Archives For Charles Dickens


Charles Dickens

This is the latest post in a series that will, in effect, create a library of classics that are available as free ebooks.

Check out the full library to date here….

As tomorrow is the birthday of Charles Dickens, we focus here on the best of his works. We have selected the following books as recommended reading.


We are encouraging our readers to mix up their reading habits, and read (or re-read) classics in addition to new books, such as the ones we review here in the ERB.

Broadly speaking, a classic is any book that is not a new book, or in other words that is worth reading five, ten or even one hundred years after its initial publication. ERB Editor Chris Smith has an article on The Huffington Post website arguing for reading a mix of classics and new books.

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Here are a few new book releases from this week that are worth checking out:

(Where possible, we have also tried to include a review/interview related to the book…)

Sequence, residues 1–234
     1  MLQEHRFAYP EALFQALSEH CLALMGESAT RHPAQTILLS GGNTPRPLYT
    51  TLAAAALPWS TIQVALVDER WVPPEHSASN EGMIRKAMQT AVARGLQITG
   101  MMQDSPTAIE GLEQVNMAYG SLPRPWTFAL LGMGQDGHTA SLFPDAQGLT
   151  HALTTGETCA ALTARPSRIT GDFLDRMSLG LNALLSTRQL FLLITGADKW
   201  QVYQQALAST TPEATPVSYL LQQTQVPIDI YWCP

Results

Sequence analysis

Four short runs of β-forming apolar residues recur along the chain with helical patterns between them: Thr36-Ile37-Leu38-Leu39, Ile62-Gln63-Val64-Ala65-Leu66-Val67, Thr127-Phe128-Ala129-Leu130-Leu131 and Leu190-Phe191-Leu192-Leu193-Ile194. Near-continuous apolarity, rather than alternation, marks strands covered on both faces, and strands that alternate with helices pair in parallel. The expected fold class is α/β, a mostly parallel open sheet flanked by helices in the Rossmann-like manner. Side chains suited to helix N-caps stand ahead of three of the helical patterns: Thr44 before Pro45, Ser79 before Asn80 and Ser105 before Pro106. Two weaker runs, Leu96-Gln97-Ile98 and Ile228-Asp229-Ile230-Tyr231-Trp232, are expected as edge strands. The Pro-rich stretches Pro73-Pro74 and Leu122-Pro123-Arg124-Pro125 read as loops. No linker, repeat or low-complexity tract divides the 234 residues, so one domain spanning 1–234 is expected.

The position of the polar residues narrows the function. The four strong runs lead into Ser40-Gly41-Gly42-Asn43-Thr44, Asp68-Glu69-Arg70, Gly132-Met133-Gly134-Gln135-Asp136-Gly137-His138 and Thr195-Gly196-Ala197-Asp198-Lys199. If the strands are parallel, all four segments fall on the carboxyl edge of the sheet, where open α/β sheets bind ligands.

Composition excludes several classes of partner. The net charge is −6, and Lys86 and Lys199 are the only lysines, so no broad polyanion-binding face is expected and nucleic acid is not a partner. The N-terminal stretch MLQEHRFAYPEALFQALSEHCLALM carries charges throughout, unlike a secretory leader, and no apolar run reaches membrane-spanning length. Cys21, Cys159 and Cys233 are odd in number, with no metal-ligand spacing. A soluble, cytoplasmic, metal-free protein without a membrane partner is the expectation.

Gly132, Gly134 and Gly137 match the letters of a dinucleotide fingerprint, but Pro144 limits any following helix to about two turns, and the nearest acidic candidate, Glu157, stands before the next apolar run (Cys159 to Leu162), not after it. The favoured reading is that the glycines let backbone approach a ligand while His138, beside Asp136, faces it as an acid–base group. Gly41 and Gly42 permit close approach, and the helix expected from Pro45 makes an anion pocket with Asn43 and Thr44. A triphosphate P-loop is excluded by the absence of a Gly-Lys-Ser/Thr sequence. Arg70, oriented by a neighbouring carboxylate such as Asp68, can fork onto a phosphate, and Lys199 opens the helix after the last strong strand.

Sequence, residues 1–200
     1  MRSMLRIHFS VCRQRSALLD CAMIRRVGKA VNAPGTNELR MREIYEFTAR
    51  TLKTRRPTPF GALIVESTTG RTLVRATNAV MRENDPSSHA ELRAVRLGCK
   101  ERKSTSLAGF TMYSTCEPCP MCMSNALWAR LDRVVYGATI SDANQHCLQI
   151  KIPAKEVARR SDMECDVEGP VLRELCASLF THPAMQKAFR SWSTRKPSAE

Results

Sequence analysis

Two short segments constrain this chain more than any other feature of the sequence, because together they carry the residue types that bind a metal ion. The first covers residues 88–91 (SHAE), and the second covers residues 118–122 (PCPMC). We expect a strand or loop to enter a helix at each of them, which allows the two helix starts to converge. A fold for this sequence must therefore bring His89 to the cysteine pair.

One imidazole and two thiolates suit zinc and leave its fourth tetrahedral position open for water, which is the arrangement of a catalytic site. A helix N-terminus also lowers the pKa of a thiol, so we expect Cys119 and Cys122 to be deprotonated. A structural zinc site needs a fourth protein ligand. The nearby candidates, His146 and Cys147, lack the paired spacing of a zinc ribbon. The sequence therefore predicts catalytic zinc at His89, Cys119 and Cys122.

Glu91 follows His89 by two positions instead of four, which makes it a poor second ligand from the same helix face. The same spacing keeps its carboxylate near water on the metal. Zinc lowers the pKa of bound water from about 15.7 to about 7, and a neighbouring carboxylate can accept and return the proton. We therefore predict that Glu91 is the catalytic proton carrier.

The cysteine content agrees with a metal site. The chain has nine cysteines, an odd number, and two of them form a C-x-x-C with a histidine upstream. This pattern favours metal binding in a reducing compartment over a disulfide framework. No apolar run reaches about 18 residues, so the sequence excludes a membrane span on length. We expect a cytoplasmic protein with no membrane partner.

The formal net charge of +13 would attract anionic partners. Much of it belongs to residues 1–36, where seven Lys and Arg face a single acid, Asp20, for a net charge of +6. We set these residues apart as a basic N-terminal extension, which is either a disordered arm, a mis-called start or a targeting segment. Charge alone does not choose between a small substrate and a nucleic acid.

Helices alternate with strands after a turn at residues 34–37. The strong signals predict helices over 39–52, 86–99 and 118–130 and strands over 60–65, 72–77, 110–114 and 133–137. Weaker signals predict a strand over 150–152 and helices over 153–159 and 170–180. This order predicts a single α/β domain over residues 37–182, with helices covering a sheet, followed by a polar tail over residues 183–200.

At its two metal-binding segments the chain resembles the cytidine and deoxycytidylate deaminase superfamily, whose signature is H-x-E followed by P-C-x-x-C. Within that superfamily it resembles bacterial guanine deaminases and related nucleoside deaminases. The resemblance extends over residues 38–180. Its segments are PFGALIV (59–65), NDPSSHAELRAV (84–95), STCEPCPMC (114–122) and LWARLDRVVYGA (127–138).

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[easyazon_link asin=”0801048680″ locale=”US” new_window=”default” nofollow=”default” tag=”douloschristo-20″ add_to_cart=”default” cloaking=”default” localization=”default” popups=”default”]A New Heaven and a New Earth: Reclaiming Biblical Eschatology[/easyazon_link]

By J. Richard Middleton

Read Byron Borger’s review of this book

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Gary Colledge - God and Charles DickensProbing the Faith of Dickens.

God and Charles Dickens: Recovering the Christian Voice of a Classic Author

Gary Colledge

Paperback: Brazos Press, 2012.
Buy now:  [ Amazon ]  [ Kindle ]

Reviewed by Gina Dalfonzo.

During an online discussion of A Tale of Two Cities, my favorite novel, I was startled to find many of the other participants taking it for granted that the book’s author, Charles Dickens, was not a man of faith.

The truth is, I’ve often seen that assumption made before, so it shouldn’t have been such a surprise. And yet it always is, every time I come across it. It’s very hard to understand this belief, when a careful study of both Dickens’s works and his life reveal what Dr. Gary L. Colledge, an adjunct professor at Moody Bible Institute and Walsh University, calls “a thoroughgoing Christian worldview.”

This is precisely why Colledge’s work has been among the most valuable contributions to Dickens scholarship in recent years. His new book, God and Charles Dickens: Recovering the Christian Voice of a Classic Author, focuses on a crucial aspect of Dickens’s life and work that has been sadly neglected of late. Without an awareness of this aspect, Colledge rightly believes, we are hampered in our understanding of  Dickens’s work.

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